• Construct or deconstruct conceptual boundaries and binaries, such as country/city; past/present; colony/metropole; village/nation
  • Demonstrate how places that are geographically distant become connected through narrative
  • Describe ways in which concepts of space, place and/or time are constrained or distorted by gender, race, age, ethnicity or other factors
  • Track a specific place or moment in time across a variety of texts by different writers
  • Examine indirect experiences of geographic places or historic moments through the use of art, storytelling, monuments, news, or other forms of representation

These are among the many possibilities—as usual, all Sedgwick-related topics are welcome!

Please e-mail proposals of approximately 200-400 words by December 9, 2016, to Lisa West, CMSS Second Vice-President for Programs:   lisa.west@drake.edu

To register for the symposium or get more information about the conference program or outings in the Stockbridge area, visit the CMSS website at http://cmsedgwicksociety.org

CFP: CMSS in France (SSAWW International Conference July 2017)

FRANCE!!! FRANCE!!!! FRANCE!!!!! FRANCE!!!! FRANCE!!!! And Sedgwick

CALL FOR PAPERS – Catharine Maria Sedgwick Society

SSAWW Conference, Universite Bordeaux Montaigne, France, July 5-8, 2017

The first international SSAWW conference has the following focus:

“Border Crossings: Translation, Migration and Gender in the Americas, the Transatlantic and the Transpacific.”

The Catharine Maria Sedgwick Society wants to submit a complete panel for this conference. Abstracts and cv are due by June 22, 2016 to Lisa West at lisa.west@drake.edu

We accept all proposals for papers addressing

“Border Crossings in Catharine Maria Sedgwick’s Writings”

Suggestions include:

ways in which Sedgwick’s short writing crosses genre boundaries

travel writing

Clarence’s vision of an international space

crossings of water and landscape in Hope Leslie

cultural crossings in various texts

cross-dressing

religious crossings

narrative borders, innovative narrative techniques

allusions, crossings between and across different texts

marriage or other relationships as interpersonal border crossings

juxtapositions of urban and rural space, or intersections of the New York and Boston worlds

letters in A New England Tale, Hope Leslie or other texts

crossings between the imagination and reality or between this world and an alternative world (in religious or political sense)

escapes

the boundaries of domestic space

From SSAWW General Call for Papers:

“Border Crossings: Translation, Migration and Gender in the Americas, the Transatlantic and the Transpacific”

“To maintain a continuity with our previous conference (in Philadelphia, November 2015) on liminality and hybrid lives, we would like this first SSAWW conference in Europe to address the significance of “border crossing[s]” in the lives and works of American women writers. Such experiences have always been important to American women. Early diaries and travel notes left by 17th– and 18th-century women provide us with valuable records of and about their migratory experience to the New World and their lives and experiences in America. Besides offering more records of such experiences, the 19th century also witnessed an explosion in travel writing, fiction, and poetry treating with travel, as growing numbers of American women writers could afford to travel across Europe and more widely.”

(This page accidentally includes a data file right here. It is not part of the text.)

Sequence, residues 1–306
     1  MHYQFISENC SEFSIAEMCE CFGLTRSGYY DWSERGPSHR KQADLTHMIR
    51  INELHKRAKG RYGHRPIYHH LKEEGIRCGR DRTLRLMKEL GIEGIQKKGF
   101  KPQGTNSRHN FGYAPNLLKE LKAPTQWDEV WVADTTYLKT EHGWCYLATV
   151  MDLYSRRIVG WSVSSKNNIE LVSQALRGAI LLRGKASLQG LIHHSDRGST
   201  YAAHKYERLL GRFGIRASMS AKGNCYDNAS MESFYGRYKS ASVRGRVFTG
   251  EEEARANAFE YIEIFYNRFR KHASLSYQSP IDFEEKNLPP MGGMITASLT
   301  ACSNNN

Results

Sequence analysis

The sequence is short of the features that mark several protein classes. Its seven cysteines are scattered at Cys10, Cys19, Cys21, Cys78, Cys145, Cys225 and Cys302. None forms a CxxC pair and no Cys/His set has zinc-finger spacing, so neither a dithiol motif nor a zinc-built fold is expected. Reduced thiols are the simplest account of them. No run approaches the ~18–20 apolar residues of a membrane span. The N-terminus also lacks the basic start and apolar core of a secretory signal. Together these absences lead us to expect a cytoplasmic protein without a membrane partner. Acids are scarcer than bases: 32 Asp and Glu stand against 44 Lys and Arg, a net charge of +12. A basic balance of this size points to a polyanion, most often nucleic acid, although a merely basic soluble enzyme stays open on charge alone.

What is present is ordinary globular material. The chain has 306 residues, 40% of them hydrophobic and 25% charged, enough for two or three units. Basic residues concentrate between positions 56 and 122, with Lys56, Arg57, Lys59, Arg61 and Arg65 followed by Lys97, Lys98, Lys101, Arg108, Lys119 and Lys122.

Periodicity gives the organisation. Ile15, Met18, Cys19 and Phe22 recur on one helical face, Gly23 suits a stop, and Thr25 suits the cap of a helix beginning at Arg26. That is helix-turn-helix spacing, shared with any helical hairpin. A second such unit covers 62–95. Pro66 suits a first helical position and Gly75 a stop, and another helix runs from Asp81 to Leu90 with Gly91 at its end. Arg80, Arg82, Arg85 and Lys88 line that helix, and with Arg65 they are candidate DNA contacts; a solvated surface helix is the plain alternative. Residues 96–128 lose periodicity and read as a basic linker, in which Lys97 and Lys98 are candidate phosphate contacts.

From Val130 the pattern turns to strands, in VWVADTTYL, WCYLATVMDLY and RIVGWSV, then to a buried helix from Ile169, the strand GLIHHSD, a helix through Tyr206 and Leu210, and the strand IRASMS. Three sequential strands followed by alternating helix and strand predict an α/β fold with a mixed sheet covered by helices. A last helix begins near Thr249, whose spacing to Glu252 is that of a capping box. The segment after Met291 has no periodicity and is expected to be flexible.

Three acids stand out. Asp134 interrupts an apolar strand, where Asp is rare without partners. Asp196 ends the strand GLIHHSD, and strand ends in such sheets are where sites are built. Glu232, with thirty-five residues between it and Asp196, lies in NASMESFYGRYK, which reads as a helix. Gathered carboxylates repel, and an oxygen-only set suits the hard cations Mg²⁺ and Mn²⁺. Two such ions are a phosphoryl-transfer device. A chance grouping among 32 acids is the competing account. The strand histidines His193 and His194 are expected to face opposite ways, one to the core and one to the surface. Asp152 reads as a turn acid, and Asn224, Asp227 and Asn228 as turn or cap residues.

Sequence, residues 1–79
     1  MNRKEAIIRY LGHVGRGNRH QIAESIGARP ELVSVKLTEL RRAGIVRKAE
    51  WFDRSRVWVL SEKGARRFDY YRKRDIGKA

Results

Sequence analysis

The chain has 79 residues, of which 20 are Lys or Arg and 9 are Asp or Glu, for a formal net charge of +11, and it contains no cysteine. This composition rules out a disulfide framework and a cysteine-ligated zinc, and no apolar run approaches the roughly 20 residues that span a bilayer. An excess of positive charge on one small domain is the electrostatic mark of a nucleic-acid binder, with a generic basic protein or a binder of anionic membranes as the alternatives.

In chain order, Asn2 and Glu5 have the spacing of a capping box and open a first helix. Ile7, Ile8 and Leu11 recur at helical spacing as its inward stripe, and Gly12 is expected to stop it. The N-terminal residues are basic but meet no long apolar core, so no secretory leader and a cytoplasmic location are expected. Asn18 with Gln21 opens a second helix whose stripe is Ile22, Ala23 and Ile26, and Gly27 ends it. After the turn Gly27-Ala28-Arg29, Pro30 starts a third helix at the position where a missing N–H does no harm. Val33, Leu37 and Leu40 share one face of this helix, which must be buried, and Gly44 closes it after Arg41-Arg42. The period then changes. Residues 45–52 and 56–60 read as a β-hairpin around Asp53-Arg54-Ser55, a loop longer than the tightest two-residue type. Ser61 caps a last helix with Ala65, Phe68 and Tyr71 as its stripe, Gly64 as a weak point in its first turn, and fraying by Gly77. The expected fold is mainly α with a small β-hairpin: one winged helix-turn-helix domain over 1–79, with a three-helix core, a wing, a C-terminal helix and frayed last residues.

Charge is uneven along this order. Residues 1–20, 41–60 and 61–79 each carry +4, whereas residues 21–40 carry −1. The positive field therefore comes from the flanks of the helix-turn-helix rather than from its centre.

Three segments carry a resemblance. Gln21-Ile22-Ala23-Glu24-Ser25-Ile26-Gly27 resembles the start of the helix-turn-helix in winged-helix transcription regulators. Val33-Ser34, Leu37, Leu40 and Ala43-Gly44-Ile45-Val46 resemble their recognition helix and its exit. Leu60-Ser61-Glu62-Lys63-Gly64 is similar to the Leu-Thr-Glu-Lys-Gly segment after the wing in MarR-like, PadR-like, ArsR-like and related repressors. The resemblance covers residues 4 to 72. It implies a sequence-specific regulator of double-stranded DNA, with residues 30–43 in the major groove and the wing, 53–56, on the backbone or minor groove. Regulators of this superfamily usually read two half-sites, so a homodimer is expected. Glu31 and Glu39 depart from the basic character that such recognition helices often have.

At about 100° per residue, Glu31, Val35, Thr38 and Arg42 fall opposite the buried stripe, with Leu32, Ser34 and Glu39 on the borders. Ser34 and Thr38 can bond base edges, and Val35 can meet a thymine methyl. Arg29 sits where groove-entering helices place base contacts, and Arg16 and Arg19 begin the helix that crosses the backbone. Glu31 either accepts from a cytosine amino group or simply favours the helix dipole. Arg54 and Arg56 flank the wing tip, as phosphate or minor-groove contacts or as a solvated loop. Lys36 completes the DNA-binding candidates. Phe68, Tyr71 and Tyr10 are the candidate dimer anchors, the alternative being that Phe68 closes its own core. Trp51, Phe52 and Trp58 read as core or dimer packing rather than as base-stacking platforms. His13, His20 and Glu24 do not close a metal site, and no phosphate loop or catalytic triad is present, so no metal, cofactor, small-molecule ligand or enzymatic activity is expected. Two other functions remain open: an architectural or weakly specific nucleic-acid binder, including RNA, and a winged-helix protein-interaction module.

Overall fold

“The conference theme invites participants to explore the broad spectrum of possibilities generated by such cross-cultural interactions, as well as the challenge consequently posed to literary canons. How has this experience affected women writers’ worldview and conception of language? To what extent do their modes of exploration differ from that of their male counterparts? How important were such contacts in allowing women writers to develop a consciousness of otherness and/or forge a community of feeling and experience transcending national and/or cultural barriers?”

“Crossings have always involved a necessary stage of transition, transformation, and consequent redefinition of the self that questions the very stability and permanence traditionally associated with women’s conventionalized roles. Thus we are very happy to consider writers using the idea of border crossing and travel symbolically or metaphorically as well as literally: early female travellers, explorers, and adventurers crossed borders in more ways than one, often by transgressing gender expectations, using this experience or awareness to reshape the conventions of many genres.”

CFP – American Literature Association (Extended Deadline 01.23.16)

American Literature Association Conference – San Francisco (May 26-29, 2016)

The Catharine Maria Sedgwick Society invites proposals for two panels at ALA.

Session #1 (15 to 20-minute papers): “Catharine Sedgwick’s New England”

A New England Tale
(1822) was one of the first of Catharine Maria Sedgwick’s novels to be republished and garner critical attention. Since its recovery, there has been increased interest in other early American women writers, such as Hannah Foster, Susannah Rowson, and Lydia Maria Child. There also has been a surge of interest in the American novel written before 1820. This panel seeks scholarship on “Catharine Sedgwick’s New England” that situates the work of Sedgwick and other American women writers in the increasingly global public sphere of the early nineteenth century. Papers might address (but certainly aren’t limited to) the transatlantic genre of the “village sketch”; New England religion in the context of the Second Great Awakening and global encounters with non-Christian peoples (particularly relevant in the current political climate); Sedgwick and the rise of the early American novel and/or the rise of the American short story; women writers in public; writing about New England as a response to (or retreat from) the responsibilities of nationhood; relationships between early American authors and their European friends/family/publishers/correspondents.

Session #2:   “Teaching Catharine Maria Sedgwick” (roundtable–10-min talks/presentations)